This is fantasy, of course, but it's not quite as hallucinogenic as the fantasy lives, or even just moments, one can inhabit in the pages of Interiors: life as a solitary poet, living in a cube of whitewashed wood and glass on a Brazilian cliff; entertaining sn old lover - or an old enemy - to a feast of dry martinis and caviar in an aubergine-lacquered drawing room. Actually the idea of an enemy sounded more glamorous in my head than it seems, really thinking about it. I wouldn't want to waste that sort of decadence on someone I didn't love.

I have several fantasy careers on the boil at the moment, all vaguely similar in that they're visual, rather than wordy, and fed by my Interiors obsession. I imagine myself a florist, an architect, a decorator. My interest in these alternative lives rises and falls as my faith in my writing, and my ability to make a living from it, waxes and wanes. At the moment seven years to train as an architect seems no time at all.

Monday, 19 July 2010

The Reader by Robert Bringhurst

Who reads her while she reads? Her eyes slide
under the paper, into another world
while all we hear of it
or see is the slow surf of turning pages.

Her mother might not recognise her,
soaked to the skin as she is in her own shadow.
How could you then? You with your watch and tongue
still running, tell me: how much does she lose

when she looks up? When she lifts
the ladles of her eyes, how much
flows back into the book, and how much
spills down the walls of the overflowing world?

Children, playing alone, will sometimes
come back suddenly, seeing what it is
to be here, and their eyes are altered. Hers too. Words
she's never said reshape her lips.

(A poem I'd never read before reprinted in the FT on Saturday.)

Friday, 16 July 2010

Unaccustomed Earth

Jhumpa Lahiri's new book is similar to In Other Rooms, Other Wonders (see below), and not least because both contain stories published previously by the New Yorker. Both are concerned with the children of Indian and Pakistani families making new lives in the US, but Lahiri's stories lack the bleakness of Muenuddin's. There is hope for her characters - for most of them, anyway.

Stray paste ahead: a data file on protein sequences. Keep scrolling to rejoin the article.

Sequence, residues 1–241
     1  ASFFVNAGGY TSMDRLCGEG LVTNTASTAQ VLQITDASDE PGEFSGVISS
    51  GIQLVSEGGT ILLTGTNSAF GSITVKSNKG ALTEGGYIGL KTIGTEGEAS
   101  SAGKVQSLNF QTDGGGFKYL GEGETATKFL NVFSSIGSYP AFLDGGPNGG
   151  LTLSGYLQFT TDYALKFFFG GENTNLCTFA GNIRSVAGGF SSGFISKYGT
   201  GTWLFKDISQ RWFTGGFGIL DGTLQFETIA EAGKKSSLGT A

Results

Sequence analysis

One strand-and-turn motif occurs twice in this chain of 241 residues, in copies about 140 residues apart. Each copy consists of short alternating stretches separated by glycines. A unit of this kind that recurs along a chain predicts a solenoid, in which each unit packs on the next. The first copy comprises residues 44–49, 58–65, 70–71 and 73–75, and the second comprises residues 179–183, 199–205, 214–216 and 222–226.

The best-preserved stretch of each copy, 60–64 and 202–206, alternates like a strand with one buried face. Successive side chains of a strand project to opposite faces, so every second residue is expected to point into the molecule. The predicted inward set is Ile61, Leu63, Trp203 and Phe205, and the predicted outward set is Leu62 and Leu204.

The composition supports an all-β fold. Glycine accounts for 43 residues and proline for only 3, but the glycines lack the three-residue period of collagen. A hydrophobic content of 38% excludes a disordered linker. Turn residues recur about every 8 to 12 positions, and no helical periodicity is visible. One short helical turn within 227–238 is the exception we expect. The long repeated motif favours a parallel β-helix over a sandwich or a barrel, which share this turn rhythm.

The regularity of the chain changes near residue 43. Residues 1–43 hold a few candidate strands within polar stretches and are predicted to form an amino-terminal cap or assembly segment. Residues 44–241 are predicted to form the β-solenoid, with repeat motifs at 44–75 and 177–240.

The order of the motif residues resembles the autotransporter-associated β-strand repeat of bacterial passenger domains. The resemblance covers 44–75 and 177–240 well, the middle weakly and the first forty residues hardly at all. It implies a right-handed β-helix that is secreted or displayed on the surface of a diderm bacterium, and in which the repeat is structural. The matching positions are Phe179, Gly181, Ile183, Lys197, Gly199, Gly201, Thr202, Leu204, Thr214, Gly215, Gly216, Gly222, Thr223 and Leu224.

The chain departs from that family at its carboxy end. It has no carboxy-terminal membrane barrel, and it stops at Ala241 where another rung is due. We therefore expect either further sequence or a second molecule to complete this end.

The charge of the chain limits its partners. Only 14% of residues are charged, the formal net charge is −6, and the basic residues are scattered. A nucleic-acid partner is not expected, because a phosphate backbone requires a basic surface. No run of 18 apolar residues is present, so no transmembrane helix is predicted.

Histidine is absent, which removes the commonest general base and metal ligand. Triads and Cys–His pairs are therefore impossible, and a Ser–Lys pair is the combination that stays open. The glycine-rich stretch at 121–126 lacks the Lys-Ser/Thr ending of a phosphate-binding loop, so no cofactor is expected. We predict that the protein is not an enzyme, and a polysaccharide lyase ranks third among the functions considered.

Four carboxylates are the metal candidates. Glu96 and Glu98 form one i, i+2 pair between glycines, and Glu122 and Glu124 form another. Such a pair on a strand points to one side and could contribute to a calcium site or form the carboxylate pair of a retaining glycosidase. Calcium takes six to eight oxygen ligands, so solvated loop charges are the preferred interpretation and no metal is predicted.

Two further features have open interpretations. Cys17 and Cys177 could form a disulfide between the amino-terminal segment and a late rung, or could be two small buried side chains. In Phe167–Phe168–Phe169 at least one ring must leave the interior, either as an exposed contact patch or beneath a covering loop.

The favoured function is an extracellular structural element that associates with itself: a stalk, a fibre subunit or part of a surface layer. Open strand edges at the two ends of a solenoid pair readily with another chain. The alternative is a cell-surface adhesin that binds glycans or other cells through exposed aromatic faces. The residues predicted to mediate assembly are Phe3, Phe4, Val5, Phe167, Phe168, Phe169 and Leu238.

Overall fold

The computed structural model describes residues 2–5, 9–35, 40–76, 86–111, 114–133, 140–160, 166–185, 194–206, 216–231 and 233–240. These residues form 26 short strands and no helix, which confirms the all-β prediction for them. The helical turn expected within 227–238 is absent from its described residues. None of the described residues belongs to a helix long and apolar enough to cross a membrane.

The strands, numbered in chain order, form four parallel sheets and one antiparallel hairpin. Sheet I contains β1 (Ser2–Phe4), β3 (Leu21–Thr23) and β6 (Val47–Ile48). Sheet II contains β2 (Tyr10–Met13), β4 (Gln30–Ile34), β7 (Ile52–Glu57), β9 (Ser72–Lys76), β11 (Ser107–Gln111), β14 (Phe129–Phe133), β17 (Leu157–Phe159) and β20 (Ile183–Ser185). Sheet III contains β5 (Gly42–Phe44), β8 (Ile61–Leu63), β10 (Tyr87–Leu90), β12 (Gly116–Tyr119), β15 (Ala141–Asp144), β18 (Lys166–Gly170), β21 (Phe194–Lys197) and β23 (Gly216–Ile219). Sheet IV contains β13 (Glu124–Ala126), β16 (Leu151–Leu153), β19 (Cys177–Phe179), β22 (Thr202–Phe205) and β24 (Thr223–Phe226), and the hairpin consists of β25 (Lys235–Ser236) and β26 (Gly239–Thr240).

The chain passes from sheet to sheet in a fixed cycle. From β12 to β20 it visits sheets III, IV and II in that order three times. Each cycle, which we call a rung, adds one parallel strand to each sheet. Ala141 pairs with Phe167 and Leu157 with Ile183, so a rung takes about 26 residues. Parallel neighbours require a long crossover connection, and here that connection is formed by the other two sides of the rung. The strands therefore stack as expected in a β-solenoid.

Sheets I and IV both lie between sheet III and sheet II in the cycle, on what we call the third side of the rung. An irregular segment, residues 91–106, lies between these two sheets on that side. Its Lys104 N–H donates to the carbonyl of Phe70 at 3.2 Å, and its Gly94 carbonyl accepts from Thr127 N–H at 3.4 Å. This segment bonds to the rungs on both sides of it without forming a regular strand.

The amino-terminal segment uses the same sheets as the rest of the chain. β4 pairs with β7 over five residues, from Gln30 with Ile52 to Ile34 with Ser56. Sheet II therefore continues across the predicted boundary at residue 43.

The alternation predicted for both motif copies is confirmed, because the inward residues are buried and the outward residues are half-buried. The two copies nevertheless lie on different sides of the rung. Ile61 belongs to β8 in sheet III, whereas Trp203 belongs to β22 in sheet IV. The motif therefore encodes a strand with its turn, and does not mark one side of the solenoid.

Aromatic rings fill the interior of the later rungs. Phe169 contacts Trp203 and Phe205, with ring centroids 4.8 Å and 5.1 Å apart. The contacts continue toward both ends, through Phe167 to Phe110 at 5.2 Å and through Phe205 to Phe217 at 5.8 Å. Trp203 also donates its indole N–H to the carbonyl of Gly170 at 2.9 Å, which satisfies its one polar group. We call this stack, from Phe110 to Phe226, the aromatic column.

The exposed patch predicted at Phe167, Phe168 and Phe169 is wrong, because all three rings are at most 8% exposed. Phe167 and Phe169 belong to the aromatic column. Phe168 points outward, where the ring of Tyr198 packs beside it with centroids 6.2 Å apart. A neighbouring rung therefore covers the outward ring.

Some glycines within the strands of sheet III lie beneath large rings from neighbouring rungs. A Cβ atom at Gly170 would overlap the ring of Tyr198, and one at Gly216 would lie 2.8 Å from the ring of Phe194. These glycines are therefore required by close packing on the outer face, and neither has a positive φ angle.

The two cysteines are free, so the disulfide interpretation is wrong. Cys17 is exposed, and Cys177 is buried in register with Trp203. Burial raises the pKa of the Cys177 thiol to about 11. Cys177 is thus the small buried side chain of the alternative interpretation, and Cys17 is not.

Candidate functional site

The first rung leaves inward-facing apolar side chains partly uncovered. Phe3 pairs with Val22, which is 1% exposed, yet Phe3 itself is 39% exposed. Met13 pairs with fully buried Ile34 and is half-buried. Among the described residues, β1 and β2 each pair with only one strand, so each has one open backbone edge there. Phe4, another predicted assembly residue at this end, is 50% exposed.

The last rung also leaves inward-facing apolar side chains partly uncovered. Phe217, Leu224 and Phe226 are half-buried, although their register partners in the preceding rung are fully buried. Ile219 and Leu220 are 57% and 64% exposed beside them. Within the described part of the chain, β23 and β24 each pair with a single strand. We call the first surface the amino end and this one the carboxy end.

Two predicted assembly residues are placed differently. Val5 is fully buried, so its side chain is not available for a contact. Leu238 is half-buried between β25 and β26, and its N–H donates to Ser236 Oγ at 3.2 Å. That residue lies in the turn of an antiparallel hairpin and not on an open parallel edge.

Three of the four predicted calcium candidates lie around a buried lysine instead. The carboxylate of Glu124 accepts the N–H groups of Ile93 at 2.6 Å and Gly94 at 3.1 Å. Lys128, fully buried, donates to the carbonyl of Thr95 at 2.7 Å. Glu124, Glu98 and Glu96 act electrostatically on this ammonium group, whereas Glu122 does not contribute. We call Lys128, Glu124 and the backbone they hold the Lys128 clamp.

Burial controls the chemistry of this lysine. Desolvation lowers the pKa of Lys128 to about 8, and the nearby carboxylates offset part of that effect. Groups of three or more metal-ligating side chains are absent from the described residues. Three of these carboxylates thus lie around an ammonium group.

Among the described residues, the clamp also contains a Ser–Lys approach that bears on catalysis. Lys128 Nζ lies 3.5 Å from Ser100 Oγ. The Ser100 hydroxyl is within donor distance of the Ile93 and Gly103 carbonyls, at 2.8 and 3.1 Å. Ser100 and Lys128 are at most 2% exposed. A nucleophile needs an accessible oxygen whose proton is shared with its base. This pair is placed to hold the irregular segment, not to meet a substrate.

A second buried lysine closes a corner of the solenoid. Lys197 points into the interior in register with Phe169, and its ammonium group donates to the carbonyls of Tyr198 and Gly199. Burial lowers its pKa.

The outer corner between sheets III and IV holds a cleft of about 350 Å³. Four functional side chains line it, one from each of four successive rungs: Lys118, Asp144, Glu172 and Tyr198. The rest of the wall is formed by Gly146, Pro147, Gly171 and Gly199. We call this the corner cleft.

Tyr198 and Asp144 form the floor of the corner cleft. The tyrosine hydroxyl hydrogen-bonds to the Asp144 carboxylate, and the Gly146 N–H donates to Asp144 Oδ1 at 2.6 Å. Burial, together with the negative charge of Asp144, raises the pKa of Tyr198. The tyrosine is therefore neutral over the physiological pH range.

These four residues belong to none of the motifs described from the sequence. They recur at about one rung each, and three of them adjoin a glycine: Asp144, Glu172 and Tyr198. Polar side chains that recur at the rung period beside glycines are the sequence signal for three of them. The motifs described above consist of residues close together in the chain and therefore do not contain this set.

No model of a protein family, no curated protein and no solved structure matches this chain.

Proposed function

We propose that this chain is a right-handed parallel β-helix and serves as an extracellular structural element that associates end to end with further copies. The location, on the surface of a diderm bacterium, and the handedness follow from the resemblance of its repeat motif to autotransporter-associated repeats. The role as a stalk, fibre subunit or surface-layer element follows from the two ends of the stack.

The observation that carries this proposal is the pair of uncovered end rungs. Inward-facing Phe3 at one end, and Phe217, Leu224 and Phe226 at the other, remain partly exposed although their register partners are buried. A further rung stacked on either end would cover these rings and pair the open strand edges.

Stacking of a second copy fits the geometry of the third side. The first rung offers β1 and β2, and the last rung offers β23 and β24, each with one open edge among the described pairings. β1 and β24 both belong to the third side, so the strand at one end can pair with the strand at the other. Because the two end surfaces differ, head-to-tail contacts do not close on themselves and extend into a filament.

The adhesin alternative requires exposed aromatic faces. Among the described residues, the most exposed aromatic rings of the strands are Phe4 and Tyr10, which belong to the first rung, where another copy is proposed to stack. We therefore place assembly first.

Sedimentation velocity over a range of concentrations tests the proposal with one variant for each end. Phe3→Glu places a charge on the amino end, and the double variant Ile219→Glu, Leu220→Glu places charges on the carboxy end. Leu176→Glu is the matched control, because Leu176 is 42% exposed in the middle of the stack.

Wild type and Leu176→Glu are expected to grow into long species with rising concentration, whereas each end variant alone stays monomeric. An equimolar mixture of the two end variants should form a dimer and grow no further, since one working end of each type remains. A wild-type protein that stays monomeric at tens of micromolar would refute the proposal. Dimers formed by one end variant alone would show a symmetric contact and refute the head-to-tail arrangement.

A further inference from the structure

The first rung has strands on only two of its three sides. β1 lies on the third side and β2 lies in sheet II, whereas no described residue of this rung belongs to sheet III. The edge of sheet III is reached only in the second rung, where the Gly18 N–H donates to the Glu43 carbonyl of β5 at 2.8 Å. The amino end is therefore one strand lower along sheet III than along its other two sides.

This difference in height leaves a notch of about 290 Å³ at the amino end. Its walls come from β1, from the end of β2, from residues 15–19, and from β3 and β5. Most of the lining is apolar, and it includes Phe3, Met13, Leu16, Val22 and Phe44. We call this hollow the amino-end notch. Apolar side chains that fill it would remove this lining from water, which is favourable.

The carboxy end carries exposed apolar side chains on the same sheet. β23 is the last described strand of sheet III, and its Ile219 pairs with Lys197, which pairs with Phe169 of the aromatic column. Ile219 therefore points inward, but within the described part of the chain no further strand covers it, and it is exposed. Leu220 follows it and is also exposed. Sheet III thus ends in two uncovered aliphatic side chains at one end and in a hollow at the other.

Partly this is because she doesn't try, as Muenuddin does, to make her work reflect the whole of society, at all levels, rich, poor, old, young, male, female, urban, rural. His book is also more specifially located in Pakistan, whereas her world is the US, with the Calcutta/Bengali background of her characters as a unifying backdrop. As a result it's more affluent, and therefore by definition more optimistic, less bleak.

She writes about successful immigrants, who on the whole have accepted their new lives, marrying Americans, feeling American, at least in part. This must be one reason (apart from her extraordinary talent) why her writing is so praised and successful there: on one hand her experience as an immigrant speaks so powerfully to Amerian readers of all backgrounds, but she doesn't make non-immigrant Americans feel bad about themselves - there's no blame, no bitter social commentary, none of the angst than can characterise British Asian writing.

I found it interesting though that the one trait she can't relinquish, as an author, is her sense of herself as a Bengali, and a middle-class, immigrant Bengali at that. Her protagonists can be young or old, male or female, but they always have that identity at their core.

Although I loved the stories they are very much vignettes - not the great novel I'm always looking for. Her writing is exquisite, deceptively simple, totally penetrating, but I found myself wishing that she would give me more than just glimpses of the characters she uncovers with such subtle understanding. But perhaps her talents are simply more suited to portrait miniature than history painting.